Curatorship is a regulatory tool at the Registrar’s disposal. Appointment of a curator is not an outsourcing function or service that would require a tender process.

This tool is generally applied by the Registrar under circumstances which demand urgent regulatory intervention in the interests of investors or the public. As such, curatorship applications are generally brought on an urgent basis. The exigencies of any particular case simply do not allow for a “tender process” and may unduly delay urgent regulatory action.

In identifying proposed curators, the Registrar generally takes into account:

  • The task that curators need to undertake in each instance, given the peculiar facts uncovered during the inspection;
  • The independence of management and control to be exercised by a curator;
  • The expertise introduced, or capable of introduction, in into the affected financial institution.

When the Registrar applies for a curator’s appointment, he attaches to the court papers the candidate’s CV. The court must be satisfied of the candidate’s suitability. At the outset, before confirmation of final orders, curatorship orders are provisional and widely published. It’s at this stage that interested parties are invited to show why appointment of the proposed curator shouldn’t be made final.

Because there are no guidelines in the Act for a court to determine the curator’s fees, the practice is for the FSB to submit a draft order stating that the curator will be remunerated in accordance with the norms of his or her profession “as agreed with the Registrar”. In practice, it means that the curator and Registrar agree on an hourly tariff or, where the curator is an auditor, a fee equal to the Auditor General’s tariff for outsourced work.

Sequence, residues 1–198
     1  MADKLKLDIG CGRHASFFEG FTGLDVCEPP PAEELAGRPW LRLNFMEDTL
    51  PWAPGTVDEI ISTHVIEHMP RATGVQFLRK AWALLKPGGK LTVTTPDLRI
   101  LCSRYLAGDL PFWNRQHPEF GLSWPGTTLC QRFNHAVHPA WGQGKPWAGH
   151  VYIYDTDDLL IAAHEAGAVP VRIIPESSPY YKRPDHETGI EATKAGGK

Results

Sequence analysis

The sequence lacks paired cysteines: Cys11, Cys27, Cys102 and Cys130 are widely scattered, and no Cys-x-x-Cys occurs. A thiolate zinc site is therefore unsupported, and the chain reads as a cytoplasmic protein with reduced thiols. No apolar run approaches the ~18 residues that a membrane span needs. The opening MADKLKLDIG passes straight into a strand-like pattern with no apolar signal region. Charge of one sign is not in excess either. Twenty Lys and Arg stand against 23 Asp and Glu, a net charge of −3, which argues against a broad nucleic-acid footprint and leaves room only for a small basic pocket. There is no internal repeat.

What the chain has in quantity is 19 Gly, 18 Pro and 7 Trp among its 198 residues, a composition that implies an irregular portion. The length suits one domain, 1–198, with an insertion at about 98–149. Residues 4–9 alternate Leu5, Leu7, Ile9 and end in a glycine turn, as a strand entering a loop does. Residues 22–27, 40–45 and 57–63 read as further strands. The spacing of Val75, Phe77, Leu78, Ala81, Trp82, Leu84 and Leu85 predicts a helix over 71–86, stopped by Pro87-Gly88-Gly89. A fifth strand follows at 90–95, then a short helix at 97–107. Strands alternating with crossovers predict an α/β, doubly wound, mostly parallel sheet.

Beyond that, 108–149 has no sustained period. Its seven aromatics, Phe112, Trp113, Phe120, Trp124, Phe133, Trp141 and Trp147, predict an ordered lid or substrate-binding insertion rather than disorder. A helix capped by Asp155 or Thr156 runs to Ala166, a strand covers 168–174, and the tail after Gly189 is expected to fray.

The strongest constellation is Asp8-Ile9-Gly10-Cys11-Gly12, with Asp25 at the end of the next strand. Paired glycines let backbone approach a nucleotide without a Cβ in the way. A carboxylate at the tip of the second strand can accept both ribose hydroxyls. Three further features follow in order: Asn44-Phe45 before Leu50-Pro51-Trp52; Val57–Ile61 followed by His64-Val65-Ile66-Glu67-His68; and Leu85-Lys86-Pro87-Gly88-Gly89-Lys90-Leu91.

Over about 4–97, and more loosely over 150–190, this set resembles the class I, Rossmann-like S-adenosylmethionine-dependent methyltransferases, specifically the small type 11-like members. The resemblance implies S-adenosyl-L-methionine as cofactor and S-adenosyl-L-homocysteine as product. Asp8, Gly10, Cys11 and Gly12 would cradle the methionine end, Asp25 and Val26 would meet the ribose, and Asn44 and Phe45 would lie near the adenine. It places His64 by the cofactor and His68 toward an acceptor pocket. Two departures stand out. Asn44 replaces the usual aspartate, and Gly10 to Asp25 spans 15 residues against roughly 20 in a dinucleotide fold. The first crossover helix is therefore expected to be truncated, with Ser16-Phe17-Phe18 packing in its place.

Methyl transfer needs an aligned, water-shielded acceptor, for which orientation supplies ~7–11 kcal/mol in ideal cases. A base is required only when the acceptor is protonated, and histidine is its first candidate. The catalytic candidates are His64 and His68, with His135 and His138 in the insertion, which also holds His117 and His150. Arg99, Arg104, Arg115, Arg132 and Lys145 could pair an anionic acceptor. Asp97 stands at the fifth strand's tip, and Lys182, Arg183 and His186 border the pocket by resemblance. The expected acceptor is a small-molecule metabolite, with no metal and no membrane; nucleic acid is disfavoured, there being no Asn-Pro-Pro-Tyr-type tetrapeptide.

As the remuneration of a curator could still be too high, even when it is being made in accordance with professional norms, since 2007 the FSB has agreed with curators to have their fees capped at a certain monthly figure.

The capped figure is calculated on the formula fee x 8 x 21, where 8 is the number of hours worked per day and 21 the number of working days per month. The fee for senior legal practitioners has been set at between R1 600 and R2 000 per hour, which translates into a saving as these rates are well below current charges in terms of their professional norms. [Ed’s note: Such a “saving” appears to imply that the senior practitioner works only on the curatorship, and nothing else, for 168 billable hours per month, and that he delegates nothing to juniors in his firm.]

Only in the instances of the Datakor pension fund, Datakor retirement fund and Cortech pension fund did the Registrar ask the court to sanction the curator’s remuneration on a contingency basis. This was because there were no assets in the funds with which to pay the curators.

Wryly, with a sphinx-like smile, Tshidi adds: “The better situation for me would be if I could go to industry associations, such as ASISA, and get them to control their members. If they ensured that their members acted in clients’ best interests, we wouldn’t have these problems. Instead, it’s some of their members who’re causing the problems.”